This was an inspirational work shop. I have copied the instructions Sian gave us below in italics, as, for once, I remembered to keep them for just this purpose..
Ralph was very tall and thin. He had blue eyes, brown hair that showed the first signs of turning grey and really long legs. He had a sad smile though, which always made Emily want to hug him. He was nice too—at least, Emily thought so. When she passed his desk carrying the post every morning, he always said ‘hello’, unlike everyone else in his office. Emily didn’t mind being ignored by the others. She knew how ordinary she was (how she looked, how she dressed and her boring little job) and didn’t really expect to be noticed. Whenever she was having a bad day, she’d walk past Ralph’s desk and his greeting would make her feel happy. Emily had had a lot of bad days recently.
Your task is to do any one of these things (or more than one, if you’d like to):
1) Re-write the above, but expand on it and make it more interesting to read.
2) Tell me about why Emily has had such a lot of bad days lately.
3) Tell me Ralph’s side of the story, including what he thinks of Emily.
4) Start where my story left off and tell me what happens to Emily next…
As regular readers of this blog will know, Shorelinkers need no second bidding to rise to a challenge such as this. And what a variety of work was triggered. How could you not love the Emily who was weirdly phobic , not only unable to make friends with anyone whose name possessed more than five letters, and planned all excursions around routes with fives in the road numbers? She was eventually liberated by the chaos of barking no-name dogs, but somewhere there I lost the (quite delightful) plot!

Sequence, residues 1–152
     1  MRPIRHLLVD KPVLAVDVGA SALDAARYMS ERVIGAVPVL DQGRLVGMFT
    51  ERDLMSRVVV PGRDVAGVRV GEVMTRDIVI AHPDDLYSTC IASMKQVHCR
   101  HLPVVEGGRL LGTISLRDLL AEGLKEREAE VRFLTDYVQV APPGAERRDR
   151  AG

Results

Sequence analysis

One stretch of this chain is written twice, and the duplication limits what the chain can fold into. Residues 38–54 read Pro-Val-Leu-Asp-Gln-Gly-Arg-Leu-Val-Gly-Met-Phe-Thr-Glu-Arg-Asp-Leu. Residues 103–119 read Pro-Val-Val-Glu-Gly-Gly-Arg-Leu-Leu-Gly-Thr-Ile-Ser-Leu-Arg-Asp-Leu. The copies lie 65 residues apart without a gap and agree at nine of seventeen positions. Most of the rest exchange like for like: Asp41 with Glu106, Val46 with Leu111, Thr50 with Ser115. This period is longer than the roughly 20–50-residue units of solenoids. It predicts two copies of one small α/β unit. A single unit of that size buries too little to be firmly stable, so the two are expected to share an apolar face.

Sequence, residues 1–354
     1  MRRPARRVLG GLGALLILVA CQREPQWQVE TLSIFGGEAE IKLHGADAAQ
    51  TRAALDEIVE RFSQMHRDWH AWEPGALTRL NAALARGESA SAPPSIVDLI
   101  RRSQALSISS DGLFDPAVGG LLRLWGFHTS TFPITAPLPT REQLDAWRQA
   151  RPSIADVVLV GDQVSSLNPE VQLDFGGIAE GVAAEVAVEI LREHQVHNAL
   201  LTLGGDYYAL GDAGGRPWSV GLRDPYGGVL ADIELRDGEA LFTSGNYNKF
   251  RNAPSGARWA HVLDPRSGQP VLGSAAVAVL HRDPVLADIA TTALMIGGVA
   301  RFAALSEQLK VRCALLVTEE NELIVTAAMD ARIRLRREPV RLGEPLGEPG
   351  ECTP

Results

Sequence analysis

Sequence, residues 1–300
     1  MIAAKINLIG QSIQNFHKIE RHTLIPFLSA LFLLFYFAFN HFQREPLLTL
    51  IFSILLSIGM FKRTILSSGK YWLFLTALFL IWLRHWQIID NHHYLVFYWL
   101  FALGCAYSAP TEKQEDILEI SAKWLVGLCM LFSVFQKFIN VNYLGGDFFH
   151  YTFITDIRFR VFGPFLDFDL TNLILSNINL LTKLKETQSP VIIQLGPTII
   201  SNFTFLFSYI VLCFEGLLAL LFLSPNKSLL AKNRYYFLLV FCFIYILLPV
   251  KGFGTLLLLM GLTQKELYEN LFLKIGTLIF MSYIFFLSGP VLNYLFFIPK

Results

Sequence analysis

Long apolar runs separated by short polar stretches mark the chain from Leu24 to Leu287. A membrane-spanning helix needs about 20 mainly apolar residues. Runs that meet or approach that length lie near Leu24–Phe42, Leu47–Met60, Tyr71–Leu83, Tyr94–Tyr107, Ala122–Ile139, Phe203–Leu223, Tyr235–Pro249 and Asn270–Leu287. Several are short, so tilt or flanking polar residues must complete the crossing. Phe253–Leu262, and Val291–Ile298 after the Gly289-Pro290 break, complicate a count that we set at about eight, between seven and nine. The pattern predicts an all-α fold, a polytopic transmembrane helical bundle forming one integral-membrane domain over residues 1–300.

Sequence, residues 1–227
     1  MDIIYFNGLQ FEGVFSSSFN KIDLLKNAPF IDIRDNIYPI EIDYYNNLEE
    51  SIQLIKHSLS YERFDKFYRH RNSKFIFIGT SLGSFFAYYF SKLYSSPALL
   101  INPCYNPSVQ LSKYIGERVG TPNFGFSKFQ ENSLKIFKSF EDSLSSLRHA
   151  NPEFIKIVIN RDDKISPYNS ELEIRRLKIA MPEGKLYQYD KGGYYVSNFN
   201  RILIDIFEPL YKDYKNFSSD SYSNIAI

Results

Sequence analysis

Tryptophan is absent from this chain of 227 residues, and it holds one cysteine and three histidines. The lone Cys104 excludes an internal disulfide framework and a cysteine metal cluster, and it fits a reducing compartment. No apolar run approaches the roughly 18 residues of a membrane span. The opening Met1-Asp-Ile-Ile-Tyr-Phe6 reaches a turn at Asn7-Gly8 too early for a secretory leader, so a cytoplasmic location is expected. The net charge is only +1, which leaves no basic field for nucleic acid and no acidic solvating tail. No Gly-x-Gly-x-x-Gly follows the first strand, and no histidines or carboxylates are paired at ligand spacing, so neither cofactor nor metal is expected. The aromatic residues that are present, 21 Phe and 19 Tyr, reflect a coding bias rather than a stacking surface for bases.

And what about the secret relationship between Emily and Ralph, orchestrated by the positioning of coffee mugs on their desks? You sort of knew it would end badly – and it did. There was a funny and highly inventive skit inspired, I guess, by recent events in Salisbury , starring two incompetent Russian spies with very dodgy accents. Lovely stuff! Oh, and the one where Ralph turned out to be Jack the Ripper (bit of a time slip there!). Two similar stories had Ralph as his mother’s carer and another placed Emily in a comparable position. And there was a very clever poem triggered by the number of words that rhyme with daze – or was that days?
There were eighteen tales in all, cats, coincidentally, figured often, to the extent that they were finally greeted with cat-calls (sorry) of Not another poor moggie? The stories encompassed the usual serendipitous and eccentric thought process of the group, Comedy, tragedy, romance, we covered it all, featuring everything from a dead goldfish to sexy knickers . Oh, and some aardvarks. You had to be there.
Great evening, Sian. Thank you so much, you did good.
Next week we are at Westfield for another 500 word evening, as the first one was so popular. The optional theme is The Stranger.
See you there. Sally